This may be very easy for us to say when we are, ourselves, detached from the experience and legacy of the people who have suffered here but in the midst of great darkness, the light is never fully overcome. In this story of great suffering and death there are still people like Takashi Nagai, who in the midst of his own suffering and loss, cared for the victims and the dying and strove for peace through prayer and contemplation. There are still people like Oskar Schindler who risked everything to shelter Jewish workers in his factory and save them from the Nazi death camps. In these stories of great darkness and many others, we are reminded that although death seems to have won, the light is never extinguished. From the cross comes resurrection, from the persecution of Christians in Silence comes the story of the Hidden Christians and those who strove to keep the faith alive. From the story of Nagasaki comes the re-emergence of a people and a Christianity symbolised in the rebuilding of Urakami Cathedral at the very site of the bomb blast.
We are reminded that in the midst of the unspeakable suffering, in the midst of man’s inhumanity to man, in the midst of the brokenness, Christ whose own body was broken is bringing a way to restore and transform the relationships that have been lost. To be Christian is to be a member of the body of Christ where diversity and unity is embraced. To be a Christian is no longer to be constrained or confined by the barriers that divide and dehumanise us, it is to be a new people empowered by the presence of the Holy Spirit to, like Christ, strive to embrace our mothers, our fathers, our brothers and our sisters. It is a breaking down of all barriers that divide us and have divided us. It is to live in the image of God as human beings in peace, as God intended us to be.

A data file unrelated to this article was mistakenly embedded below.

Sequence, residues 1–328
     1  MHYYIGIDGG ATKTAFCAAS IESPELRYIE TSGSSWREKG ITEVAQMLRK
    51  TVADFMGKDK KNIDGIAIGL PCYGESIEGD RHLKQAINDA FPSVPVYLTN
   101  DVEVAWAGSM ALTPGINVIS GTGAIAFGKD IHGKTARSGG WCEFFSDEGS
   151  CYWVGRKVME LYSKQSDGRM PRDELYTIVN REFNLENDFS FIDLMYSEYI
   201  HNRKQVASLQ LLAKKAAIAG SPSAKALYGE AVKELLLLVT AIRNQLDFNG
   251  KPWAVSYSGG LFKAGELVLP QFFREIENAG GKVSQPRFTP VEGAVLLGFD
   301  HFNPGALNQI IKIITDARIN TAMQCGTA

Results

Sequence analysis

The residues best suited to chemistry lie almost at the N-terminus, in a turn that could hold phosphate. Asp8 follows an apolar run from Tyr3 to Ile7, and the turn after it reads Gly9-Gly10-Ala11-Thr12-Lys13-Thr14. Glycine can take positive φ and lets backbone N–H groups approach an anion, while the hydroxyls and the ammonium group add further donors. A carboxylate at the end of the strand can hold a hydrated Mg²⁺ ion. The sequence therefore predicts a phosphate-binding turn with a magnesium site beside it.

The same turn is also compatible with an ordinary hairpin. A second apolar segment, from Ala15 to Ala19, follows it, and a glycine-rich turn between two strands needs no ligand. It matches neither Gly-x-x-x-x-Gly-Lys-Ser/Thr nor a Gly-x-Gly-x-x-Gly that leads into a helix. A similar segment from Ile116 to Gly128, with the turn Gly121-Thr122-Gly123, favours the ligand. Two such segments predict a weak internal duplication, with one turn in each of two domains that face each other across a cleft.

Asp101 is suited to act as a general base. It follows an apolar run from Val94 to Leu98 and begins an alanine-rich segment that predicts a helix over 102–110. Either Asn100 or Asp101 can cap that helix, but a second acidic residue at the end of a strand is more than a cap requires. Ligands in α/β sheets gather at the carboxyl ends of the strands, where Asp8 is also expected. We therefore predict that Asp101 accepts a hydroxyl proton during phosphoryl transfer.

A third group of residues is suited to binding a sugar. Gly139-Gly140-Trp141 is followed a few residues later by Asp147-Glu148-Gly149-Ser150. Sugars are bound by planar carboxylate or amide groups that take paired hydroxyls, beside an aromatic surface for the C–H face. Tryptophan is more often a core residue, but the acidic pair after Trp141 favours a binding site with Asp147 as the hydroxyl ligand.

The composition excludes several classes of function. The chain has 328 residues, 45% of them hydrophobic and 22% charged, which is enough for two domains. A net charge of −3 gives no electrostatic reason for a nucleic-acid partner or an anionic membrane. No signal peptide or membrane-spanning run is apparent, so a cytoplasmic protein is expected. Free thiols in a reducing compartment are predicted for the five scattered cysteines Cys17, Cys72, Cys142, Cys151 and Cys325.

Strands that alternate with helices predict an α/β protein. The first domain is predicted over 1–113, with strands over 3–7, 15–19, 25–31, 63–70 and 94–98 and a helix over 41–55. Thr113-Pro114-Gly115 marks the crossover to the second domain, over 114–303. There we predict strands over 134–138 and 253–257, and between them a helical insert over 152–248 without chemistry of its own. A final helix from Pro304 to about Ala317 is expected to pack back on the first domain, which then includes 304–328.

But to think in this way is at once liberating and challenging. Liberating in that we are no longer constrained by the human barriers which encourage separation and fear of the other, but challenging in that we live in a world where barriers and walls are still going up, where fear and suspicion are still a reality and where voices encouraging war and confrontation are still being heard. And in some cases these voices are from those who would claim to be Christians themselves.
And so the question for humanity is that when we reflect on the consequences of war, the reality of suffering and the continuing untold suffering that we inflict upon each other, do we learn from our history? Do we take seriously the power and reality of God working in our brokenness to create and re-create the means for resurrection and new life to emerge? Are we, to use the Easter language, really resurrected people as Christians who strive to live a life of new community that reunites, that reconciles and gives hope in the midst of an often dark and complex world?
Being part of the Body of Christ is more than just being a group of like minded people with the same beliefs, rather it is a new reality that compels us to think differently and to live differently. The human history of war, violence and suffering must not be forgotten, for it stands as a constant reminder of what human beings can do to each other, what we can be led into, how countries, nations and peoples can be consumed by the very real powers of evil and violence. We must never forget our history, and yet, being the Body of Christ suggests something quite different, a hope for a different way, a way promised and fulfilled in God’s activity in the world. A way in which the barriers can come down, where clenched fists can turn into an embrace of peace and loving friendship, where enemies can become friends, where the dimensions of life are expanded. A place where human beings can live differently.
This does not and never will explain away the consequences of war, violence and suffering, for these leave deep and painful scars that never and should never be forgotten. But through Jesus Christ, we are reminded that war, violence and suffering is not the end of the story, they do not have the last word, because that last word is resurrection.
 Daniel L. Migliore, Faith Seeking Understanding: An Introduction to Christian Theology. Third Edition. (Grand Rapids, Michigan: William B. Eerdmans Publishing Company, 2014), 143.